The second disc, an album first recorded in 1993, contains two long pieces (each 28-30 minutes) that pretty much embody the same artistic philosophy and tendency toward massive earhurt as the offerings on the first disc. The first one, "Fama fraternitatis," begins with piercing guitar drones and segues into movements of choppy power electronics and skittering violin, eventually returning to the wailing guitar feedback; as the piece progresses, the interplay between guitar, violin, and electronics becomes increasingly more complex as the wall of sound grows and recedes, but never dies away. The second track, "God's love to His people Israel," includes drummer Peter Stapleton, and is considerably noiser, a more obviously lo-fi recording of a show filled with noise and chaos. The performance is a howling maelstrom of abrasive power electronics, squealing guitar feedback, dissonant violin, and passages of thunderous drumming; the piece sounds less like music and more like the audio equivalent of clouds of shrapnel being ejected by a violently malfunctioning sandblaster. This is skronk at its most impressive and obnoxious; for those not down with the healing power of pure unadulterated noise, this is probably the biggest endurance test since the Swans live classic PUBLIC CASTRATION IS A GOOD IDEA.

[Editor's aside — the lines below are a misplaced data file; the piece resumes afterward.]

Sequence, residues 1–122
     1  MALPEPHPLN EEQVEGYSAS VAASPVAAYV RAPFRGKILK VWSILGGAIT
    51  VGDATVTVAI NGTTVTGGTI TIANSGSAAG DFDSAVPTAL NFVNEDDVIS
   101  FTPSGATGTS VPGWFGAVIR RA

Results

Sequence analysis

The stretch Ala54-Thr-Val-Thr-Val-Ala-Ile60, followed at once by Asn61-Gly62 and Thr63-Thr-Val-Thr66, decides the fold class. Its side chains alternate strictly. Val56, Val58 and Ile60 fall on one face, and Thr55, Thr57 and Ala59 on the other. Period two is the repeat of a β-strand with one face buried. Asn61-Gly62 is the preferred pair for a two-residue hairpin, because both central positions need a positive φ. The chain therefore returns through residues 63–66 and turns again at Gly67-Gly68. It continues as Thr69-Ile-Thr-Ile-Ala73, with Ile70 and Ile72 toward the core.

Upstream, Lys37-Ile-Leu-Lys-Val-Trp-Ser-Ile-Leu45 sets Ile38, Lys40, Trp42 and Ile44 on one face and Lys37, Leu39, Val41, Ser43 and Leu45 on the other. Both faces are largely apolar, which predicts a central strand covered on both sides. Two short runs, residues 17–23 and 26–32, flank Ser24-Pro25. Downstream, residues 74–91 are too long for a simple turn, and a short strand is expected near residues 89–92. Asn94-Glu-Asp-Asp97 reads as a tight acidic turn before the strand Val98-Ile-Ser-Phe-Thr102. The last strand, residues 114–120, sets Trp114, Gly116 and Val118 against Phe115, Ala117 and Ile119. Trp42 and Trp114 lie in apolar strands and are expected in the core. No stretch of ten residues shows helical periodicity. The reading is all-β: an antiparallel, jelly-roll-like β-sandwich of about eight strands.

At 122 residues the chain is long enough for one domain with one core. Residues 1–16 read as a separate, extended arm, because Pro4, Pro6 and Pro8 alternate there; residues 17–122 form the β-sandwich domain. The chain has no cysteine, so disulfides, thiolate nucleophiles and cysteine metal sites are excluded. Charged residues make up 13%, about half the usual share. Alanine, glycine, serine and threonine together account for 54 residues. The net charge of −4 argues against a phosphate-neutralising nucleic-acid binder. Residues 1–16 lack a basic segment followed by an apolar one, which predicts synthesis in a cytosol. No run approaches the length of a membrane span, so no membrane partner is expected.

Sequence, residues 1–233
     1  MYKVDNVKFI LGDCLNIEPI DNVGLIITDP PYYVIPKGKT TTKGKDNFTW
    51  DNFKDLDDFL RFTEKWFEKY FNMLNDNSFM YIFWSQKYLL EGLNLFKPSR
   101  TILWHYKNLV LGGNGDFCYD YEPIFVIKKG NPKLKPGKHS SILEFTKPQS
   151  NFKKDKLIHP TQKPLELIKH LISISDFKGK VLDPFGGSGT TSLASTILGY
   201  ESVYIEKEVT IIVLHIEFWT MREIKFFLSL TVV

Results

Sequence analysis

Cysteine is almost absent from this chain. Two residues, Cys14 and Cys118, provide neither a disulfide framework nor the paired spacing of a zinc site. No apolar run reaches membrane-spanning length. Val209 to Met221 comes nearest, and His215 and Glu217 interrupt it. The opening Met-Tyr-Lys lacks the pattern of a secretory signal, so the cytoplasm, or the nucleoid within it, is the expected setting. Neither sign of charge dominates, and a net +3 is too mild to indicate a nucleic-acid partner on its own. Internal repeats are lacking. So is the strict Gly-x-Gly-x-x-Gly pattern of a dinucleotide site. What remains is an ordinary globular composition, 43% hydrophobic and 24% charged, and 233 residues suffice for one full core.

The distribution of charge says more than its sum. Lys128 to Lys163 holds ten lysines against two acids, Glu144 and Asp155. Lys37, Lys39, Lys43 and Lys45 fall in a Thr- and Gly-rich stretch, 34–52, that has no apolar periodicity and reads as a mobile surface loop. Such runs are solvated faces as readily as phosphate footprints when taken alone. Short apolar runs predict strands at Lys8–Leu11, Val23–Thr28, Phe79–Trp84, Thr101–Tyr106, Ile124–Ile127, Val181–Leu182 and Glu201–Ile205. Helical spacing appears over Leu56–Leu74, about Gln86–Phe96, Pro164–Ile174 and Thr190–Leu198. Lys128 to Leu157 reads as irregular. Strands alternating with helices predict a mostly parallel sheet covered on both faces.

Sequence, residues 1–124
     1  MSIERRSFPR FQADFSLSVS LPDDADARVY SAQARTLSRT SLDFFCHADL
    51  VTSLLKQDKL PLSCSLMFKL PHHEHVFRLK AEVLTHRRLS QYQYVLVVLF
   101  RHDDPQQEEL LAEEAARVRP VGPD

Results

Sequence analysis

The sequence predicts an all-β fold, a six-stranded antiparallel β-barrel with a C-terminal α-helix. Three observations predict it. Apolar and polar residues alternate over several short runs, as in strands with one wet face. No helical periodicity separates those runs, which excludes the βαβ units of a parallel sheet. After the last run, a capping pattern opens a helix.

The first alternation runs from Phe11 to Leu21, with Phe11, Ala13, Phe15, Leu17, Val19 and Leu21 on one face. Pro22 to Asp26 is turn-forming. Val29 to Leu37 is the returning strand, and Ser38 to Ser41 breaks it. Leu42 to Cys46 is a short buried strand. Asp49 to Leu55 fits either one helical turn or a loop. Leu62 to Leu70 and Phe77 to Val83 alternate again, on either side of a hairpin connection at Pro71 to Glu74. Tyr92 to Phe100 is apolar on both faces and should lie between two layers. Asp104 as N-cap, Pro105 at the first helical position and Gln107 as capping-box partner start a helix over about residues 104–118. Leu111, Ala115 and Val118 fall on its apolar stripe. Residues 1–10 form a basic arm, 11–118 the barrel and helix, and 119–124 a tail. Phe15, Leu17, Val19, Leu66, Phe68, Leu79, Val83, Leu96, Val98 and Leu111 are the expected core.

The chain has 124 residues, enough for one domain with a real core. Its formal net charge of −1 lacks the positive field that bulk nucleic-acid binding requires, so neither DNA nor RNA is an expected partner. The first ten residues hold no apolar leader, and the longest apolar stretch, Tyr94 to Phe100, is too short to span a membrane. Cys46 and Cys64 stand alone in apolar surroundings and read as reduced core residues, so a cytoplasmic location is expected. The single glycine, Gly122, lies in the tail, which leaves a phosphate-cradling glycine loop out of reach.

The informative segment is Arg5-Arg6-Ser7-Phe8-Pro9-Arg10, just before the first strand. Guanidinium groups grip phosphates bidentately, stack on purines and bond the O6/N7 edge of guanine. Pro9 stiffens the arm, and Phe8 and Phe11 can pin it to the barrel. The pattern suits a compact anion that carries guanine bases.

This is pretty iconoclastic stuff; there's no attempt whatsoever to appeal to any sense of melodicism or structure or anything readily definable as music -- they just create an ungodly wailing din, and an extremely loud din at that. Which is not to say it's bad, just that it's definitely antimusic, and as such probably an acquired taste; if you're not into stuff like Tony Conrad, Ascension, Hijokaidan, or even the Dead C, you're probably not going to get much out of this, but if you are, this is absolutely punishing in its boldness and extremity. Given how obscure the band is -- as far as I know, this is the first time the band's music has been readily available in any form in the US -- this also provides valuable documentation of New Zealand's noise rock scene, and No Fun deserves major props for making it available again. Perhaps if this release does well, they'll see fit to bring more of the band's catalog back into print.